It will not have escaped anyone’s attention that there is a sizeable market
for ‘antique’ recordings transcribed onto CD. It’s a pity no-one
thought of this when the CD specification was drawn up otherwise Philips and
Sony might have included a mono standard to allow the discs to play for twice
as long. These antique recordings date as far back as the acoustic gramophone
- it’s almost impossible to imagine now a piece of sound reproducing equipment
that doesn’t use electricity - and even back to cylinders, mainly for their
curiosity rather than musical value. There is a vast archive of material on
acoustically and electrically produced 78 rpm records which covers a very important
period in the development of performance styles. Many of the artists involved
in making these 78s had a very close musical connection either to the actual
composers of the nineteenth century repertoire, or to people who followed closely
in their musical tradition. As we move further and further away in time we inevitably
lose perspective, and old recordings provide a valuable educational resource.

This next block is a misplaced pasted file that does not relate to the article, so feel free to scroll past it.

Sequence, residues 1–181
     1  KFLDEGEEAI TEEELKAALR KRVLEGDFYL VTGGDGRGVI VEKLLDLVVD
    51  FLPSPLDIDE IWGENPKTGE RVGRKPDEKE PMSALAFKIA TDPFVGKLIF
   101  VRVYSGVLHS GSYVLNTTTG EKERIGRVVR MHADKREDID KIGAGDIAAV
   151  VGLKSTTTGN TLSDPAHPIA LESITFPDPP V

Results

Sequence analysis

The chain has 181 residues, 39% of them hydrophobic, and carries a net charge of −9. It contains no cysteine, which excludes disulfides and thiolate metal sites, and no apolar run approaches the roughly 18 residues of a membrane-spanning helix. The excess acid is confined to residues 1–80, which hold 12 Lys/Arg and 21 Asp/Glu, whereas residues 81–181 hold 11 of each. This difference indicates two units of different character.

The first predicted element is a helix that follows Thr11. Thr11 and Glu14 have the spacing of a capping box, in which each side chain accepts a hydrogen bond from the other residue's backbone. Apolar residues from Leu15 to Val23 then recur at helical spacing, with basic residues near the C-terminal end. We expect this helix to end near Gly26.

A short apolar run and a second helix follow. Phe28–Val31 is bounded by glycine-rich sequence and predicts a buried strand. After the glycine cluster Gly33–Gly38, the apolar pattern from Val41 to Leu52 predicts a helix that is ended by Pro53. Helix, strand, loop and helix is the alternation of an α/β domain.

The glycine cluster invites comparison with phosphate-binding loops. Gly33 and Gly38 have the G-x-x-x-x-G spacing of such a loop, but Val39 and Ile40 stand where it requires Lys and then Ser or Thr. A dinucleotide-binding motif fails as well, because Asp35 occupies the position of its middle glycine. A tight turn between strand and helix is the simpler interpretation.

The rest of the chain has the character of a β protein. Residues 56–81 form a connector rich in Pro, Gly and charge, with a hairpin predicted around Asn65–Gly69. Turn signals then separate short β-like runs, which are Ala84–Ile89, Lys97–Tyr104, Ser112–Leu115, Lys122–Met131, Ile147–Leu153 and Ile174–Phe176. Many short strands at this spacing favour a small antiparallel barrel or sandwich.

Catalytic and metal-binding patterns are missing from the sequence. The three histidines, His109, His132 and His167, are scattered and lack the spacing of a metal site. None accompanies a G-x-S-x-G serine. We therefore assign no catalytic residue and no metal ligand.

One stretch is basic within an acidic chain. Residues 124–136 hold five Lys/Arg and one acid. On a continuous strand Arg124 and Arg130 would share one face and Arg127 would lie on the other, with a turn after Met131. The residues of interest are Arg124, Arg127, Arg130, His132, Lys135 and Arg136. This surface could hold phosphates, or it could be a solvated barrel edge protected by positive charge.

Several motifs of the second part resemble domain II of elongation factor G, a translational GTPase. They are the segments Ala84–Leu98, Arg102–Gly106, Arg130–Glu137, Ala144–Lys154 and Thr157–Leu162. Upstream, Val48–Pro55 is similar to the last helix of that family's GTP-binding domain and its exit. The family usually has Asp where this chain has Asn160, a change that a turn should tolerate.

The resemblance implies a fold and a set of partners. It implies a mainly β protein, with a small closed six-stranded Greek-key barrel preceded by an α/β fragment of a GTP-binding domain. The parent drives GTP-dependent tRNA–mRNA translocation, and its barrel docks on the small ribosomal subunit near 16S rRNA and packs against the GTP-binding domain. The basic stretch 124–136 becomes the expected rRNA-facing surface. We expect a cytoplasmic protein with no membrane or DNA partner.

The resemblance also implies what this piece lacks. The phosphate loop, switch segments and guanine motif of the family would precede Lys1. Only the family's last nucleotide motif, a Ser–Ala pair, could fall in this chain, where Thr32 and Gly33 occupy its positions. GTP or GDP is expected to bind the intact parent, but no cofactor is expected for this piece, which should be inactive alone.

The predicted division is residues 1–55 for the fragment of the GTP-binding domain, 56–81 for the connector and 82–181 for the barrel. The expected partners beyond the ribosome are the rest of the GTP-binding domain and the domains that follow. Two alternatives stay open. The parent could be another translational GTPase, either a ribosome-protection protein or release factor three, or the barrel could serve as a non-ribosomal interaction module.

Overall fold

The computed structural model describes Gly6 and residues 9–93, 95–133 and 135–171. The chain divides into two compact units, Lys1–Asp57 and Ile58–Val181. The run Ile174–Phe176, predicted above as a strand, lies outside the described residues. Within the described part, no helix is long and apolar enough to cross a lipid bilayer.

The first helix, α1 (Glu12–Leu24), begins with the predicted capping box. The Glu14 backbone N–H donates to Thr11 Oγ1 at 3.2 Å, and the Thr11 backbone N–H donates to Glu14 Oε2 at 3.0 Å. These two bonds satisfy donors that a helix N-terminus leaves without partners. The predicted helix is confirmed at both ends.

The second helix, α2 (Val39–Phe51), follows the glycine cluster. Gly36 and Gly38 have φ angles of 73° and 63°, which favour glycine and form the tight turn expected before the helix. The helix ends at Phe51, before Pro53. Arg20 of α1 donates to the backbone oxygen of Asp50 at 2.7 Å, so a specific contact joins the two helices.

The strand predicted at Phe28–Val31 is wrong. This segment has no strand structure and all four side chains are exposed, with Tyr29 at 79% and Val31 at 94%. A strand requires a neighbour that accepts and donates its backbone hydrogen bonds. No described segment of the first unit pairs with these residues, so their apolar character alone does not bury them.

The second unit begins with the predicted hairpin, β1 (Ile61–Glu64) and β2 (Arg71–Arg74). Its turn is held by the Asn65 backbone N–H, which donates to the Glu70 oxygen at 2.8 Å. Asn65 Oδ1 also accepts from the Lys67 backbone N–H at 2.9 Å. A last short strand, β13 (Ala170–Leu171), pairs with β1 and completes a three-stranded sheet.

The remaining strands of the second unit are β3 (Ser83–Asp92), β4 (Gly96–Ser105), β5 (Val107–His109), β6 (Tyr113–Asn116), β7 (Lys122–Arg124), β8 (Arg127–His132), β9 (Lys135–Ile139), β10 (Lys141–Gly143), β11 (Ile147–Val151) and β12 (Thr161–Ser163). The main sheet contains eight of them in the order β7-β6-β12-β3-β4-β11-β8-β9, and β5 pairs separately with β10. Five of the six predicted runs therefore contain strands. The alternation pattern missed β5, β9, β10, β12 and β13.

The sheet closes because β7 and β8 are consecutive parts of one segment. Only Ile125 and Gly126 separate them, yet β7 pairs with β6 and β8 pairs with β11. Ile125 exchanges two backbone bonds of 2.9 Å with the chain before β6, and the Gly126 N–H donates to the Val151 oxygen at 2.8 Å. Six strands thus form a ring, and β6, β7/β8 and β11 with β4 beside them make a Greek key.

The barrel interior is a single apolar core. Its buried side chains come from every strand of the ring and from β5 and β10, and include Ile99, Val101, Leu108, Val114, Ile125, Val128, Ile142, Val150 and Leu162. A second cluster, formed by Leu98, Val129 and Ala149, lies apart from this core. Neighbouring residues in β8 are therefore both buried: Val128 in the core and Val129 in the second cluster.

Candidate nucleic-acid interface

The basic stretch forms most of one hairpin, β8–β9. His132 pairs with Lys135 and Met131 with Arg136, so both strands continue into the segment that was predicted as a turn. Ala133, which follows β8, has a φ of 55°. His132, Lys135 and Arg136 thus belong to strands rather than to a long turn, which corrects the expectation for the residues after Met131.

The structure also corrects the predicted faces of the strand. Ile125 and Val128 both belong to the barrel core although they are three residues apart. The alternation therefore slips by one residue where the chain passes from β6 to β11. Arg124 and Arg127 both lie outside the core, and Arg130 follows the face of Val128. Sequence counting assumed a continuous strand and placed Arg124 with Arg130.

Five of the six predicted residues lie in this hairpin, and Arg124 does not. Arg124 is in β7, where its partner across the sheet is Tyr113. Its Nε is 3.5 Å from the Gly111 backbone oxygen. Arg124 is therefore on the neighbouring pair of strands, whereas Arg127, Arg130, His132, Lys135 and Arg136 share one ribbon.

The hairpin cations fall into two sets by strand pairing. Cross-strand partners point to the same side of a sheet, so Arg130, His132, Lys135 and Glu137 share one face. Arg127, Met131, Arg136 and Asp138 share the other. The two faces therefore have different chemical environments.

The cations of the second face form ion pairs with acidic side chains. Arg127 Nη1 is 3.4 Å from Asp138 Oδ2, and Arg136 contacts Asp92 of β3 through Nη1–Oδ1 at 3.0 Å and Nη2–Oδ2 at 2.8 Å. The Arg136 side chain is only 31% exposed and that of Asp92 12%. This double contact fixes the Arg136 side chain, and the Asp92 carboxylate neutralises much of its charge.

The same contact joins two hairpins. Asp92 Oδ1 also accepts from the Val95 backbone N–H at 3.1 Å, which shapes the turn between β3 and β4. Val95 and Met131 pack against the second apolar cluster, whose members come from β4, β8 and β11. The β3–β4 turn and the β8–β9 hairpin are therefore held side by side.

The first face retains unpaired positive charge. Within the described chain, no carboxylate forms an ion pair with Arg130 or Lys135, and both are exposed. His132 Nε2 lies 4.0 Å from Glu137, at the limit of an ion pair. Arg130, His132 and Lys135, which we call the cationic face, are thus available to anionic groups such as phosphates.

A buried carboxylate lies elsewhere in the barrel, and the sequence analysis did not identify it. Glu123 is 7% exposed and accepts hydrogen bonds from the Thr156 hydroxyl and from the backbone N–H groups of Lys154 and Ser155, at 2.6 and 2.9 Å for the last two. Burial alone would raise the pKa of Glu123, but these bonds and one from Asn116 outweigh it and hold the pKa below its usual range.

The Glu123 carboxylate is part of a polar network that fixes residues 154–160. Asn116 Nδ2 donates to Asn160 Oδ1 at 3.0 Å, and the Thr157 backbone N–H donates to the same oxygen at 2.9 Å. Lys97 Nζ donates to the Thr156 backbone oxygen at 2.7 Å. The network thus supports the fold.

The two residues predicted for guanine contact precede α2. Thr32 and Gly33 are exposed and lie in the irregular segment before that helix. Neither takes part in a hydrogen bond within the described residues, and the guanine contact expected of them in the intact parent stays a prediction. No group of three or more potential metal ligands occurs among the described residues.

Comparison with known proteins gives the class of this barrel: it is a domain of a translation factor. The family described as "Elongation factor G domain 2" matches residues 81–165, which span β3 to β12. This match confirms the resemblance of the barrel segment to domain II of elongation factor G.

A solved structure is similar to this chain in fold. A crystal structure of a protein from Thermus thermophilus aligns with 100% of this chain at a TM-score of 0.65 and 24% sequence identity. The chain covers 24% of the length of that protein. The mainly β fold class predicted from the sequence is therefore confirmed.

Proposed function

Also on 78 rpm discs is an equally vast repertoire of jazz recordings. Jazz,
more than any other type of music, is ephemeral in its nature. An improvised
solo exists only while it is being played, unless captured in a recording. Once
again, the catalogue of 78s holds important information, this time on the development
of a musical style. These old recordings need to be available, and presented
with the best audio quality possible under the circumstances.
To the above paragraphs I should also add that these old recordings can be
immensely enjoyable, much more so than modern re-recordings which may be technically
perfect but can somehow never capture the excitement and vigour of the originals.
The application of some type of restoration process to scratched and noisy
78 rpm records is self evident. Slightly less so is the need to improve the
quality of 33 1/3 rpm long playing records. After all, if you want to release
60s or 70s material on CD, it’s best to go back to the original master
tape, •isn’t it? Well the answer is yes, if you can find it,
and if when you find it it is still in a playable condition. It seems that
more and more horror stories concerning the longevity - or rather the lack of
it - of 1/4 inch tapes are coming to light. If you have an old tape which sheds
oxide, sticks to the heads or is otherwise difficult to play, the first course
of action is to consult the tape’s manufacturer who may have a fix. If
the master tape cannot provide usable results, then the only thing to do is
to find a good copy of the LP to transcribe onto CD. Yes, it does happen, and
if you want to hear the music, it must.
Another source of noise ridden dialogue and music is the optical film sound
track. Once again, this is a very ‘clicky’ medium, any scratch on
the film is interpreted as a noise impulse, and these scratches are bound to
occur through repeated spooling of the film print.
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